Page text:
Policy versus the ground reality of Kenya’s free maternity program

Nirmala Ravishankar (ThinkWell), Boniface Mbuthia (ThinkWell Kenya), Stacey Orangi (KEMRI Wellcome Trust), and Edwine Barasa (KEMRI Wellcome Trust)

Covid-19 threatens to reverse the progress countries have achieved in improving maternal and child survival, even as it strains government budgets as they take on unprecedented levels of debt to respond to the health and economic crises that the pandemic has wrought. In such an environment, ensuring that countries like Kenya are getting maximum value out of existing health care financing programs for high priority maternal and child health services takes on additional significance.

In 2019, KEMRI Wellcome Trust and ThinkWell conducted an evaluation of Kenya’s Linda Mama program to ascertain the effectiveness of the Kenyan government’s policy to provide free maternal health care. With the onset of the Covid-19 global pandemic, the evaluation’s findings are even more relevant for the country as it seeks to ensure that health care funding is optimally deployed within an increasingly precarious health and economic context.

Linda Mama

In 2013 – after analysis revealed that 6,000 women were dying annually from preventable causes during pregnancy and childbirth – Kenya first introduced a free maternal care program abolishing all user charges for deliveries at public healthcare facilities. Instead, the Ministry of Health (MOH) started reimbursing health facilities for the lost revenue.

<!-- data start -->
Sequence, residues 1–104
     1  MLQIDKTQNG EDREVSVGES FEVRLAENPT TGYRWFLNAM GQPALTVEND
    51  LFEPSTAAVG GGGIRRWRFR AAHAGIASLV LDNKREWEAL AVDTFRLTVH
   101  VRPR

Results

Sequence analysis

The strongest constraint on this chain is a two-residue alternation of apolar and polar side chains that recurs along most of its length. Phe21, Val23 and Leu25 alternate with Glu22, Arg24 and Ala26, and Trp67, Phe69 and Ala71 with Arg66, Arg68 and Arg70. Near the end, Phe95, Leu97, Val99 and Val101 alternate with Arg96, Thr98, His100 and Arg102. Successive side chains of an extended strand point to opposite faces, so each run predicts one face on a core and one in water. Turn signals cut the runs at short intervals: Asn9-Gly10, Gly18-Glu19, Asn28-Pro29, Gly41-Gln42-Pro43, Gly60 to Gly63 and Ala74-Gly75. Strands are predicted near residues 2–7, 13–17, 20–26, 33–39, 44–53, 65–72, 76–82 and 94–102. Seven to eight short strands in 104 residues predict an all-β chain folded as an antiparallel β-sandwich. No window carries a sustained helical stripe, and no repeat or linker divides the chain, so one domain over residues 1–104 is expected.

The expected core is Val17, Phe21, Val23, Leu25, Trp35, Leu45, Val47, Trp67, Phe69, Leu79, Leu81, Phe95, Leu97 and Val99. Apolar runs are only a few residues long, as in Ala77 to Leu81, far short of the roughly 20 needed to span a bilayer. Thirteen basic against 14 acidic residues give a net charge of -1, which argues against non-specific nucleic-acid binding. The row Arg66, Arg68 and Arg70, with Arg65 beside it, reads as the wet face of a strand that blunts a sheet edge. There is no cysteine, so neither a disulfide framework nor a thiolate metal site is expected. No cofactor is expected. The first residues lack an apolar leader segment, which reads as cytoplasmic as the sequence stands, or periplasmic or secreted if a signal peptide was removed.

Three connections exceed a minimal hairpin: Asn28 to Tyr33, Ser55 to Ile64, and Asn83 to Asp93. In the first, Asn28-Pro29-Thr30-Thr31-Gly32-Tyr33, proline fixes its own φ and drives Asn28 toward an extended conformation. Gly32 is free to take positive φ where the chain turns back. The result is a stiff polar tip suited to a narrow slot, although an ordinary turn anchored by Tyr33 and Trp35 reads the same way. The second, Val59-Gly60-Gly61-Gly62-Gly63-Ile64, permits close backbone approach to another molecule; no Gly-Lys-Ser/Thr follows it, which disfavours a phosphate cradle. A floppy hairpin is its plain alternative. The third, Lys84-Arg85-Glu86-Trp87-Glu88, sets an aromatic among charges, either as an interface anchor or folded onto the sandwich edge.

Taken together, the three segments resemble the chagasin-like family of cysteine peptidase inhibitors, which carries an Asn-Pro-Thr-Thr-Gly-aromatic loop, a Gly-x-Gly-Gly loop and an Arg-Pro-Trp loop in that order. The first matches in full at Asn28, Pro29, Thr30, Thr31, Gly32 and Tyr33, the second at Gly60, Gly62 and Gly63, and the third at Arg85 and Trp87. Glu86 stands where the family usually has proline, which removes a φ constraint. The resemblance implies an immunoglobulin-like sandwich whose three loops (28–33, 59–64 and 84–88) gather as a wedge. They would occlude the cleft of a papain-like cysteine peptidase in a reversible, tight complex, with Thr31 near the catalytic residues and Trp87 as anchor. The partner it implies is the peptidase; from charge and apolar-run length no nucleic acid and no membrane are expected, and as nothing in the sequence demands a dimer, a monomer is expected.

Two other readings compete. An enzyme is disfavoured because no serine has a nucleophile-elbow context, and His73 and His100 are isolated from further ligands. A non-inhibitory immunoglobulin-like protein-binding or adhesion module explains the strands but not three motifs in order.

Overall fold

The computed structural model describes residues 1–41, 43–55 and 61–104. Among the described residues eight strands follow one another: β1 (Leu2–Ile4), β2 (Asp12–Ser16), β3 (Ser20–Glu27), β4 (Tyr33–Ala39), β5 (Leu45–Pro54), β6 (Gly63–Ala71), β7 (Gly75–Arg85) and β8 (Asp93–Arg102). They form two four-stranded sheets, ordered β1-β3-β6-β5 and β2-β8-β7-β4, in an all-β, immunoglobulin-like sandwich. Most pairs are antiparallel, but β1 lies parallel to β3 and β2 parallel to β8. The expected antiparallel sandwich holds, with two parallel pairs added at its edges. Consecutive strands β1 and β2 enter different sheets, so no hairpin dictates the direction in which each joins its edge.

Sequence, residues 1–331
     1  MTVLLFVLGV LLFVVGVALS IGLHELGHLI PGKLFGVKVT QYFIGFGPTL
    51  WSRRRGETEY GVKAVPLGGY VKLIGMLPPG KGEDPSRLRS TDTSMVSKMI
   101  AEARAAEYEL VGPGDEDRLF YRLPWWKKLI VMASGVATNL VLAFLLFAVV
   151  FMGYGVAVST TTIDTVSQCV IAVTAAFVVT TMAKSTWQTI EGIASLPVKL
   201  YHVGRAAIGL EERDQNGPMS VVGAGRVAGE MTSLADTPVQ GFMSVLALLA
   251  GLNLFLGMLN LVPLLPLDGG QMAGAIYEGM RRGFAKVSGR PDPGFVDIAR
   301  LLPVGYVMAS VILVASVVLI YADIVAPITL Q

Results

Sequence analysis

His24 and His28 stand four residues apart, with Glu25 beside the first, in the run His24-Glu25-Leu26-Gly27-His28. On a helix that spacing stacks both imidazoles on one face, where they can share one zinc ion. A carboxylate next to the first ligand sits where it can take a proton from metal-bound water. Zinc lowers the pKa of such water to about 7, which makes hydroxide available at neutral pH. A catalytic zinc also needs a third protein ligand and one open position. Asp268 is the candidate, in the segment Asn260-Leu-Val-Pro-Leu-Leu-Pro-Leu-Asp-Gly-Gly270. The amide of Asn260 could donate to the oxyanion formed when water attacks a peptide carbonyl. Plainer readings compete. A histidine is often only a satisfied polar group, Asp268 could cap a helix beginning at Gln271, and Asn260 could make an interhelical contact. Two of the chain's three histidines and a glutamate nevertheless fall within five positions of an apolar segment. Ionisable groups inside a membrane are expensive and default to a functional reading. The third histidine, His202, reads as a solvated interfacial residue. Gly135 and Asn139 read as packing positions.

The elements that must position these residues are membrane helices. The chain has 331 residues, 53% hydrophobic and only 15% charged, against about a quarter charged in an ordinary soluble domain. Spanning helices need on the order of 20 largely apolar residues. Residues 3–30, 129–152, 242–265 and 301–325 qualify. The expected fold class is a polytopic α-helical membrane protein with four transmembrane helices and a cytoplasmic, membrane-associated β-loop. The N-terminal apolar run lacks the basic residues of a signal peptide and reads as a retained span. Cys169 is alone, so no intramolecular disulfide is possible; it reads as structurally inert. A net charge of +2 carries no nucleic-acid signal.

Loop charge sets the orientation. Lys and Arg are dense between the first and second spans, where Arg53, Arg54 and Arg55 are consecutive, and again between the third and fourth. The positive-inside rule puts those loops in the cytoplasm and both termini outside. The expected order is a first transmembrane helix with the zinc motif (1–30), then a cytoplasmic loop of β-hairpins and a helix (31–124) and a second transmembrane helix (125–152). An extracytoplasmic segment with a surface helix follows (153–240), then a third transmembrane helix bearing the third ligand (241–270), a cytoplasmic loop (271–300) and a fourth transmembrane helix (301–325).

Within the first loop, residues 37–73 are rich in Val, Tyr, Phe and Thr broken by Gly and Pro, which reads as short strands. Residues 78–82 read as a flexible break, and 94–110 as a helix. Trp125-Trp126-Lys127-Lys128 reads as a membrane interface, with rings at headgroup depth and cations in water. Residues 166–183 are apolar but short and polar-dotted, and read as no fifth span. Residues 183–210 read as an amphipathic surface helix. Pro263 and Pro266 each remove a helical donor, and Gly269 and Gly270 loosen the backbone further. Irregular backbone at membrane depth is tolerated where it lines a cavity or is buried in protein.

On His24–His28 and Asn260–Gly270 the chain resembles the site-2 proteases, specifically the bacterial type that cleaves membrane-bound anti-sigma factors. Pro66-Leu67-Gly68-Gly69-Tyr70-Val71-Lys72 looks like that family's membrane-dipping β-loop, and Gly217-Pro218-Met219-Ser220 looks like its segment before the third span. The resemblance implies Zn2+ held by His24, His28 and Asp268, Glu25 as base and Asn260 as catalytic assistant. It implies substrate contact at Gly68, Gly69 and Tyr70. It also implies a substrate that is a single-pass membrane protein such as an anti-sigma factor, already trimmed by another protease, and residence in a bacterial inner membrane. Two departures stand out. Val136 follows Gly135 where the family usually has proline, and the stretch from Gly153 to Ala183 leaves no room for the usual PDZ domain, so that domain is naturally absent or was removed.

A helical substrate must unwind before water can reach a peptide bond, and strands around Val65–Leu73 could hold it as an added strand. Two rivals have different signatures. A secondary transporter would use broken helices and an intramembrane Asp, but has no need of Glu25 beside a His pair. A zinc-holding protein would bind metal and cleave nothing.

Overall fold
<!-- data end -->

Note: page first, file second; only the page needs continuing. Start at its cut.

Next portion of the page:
The limitations of this arrangement – MOH was not set up to register beneficiaries, verify provider claims, or extend the program to private facilities for example –led to the program being transferred to the National Hospital Insurance Fund (NHIF) in 2016. Under the renamed Linda Mama program, any pregnant woman in Kenya should be able to register with NHIF to access a defined set of maternal and newborn health services free of charge from a public or private provider contracted by NHIF. MOH is meant to provide funding to NHIF to reimburse providers for the services provided.

That is the policy on paper. But what are the ground realities in health facilities for mothers and children that the program is intended to help?

To answer this question, KEMRI Wellcome Trust and ThinkWell surveyed staff from a sample of public and faith-based health facilities as well as program beneficiaries across 5 counties. The results of the study, which was published in a peer-reviewed journal last month, shows that the transfer of the program to NHIF has addressed some of the early limitations of the program but also given rise to significant new operational challenges.

Key Findings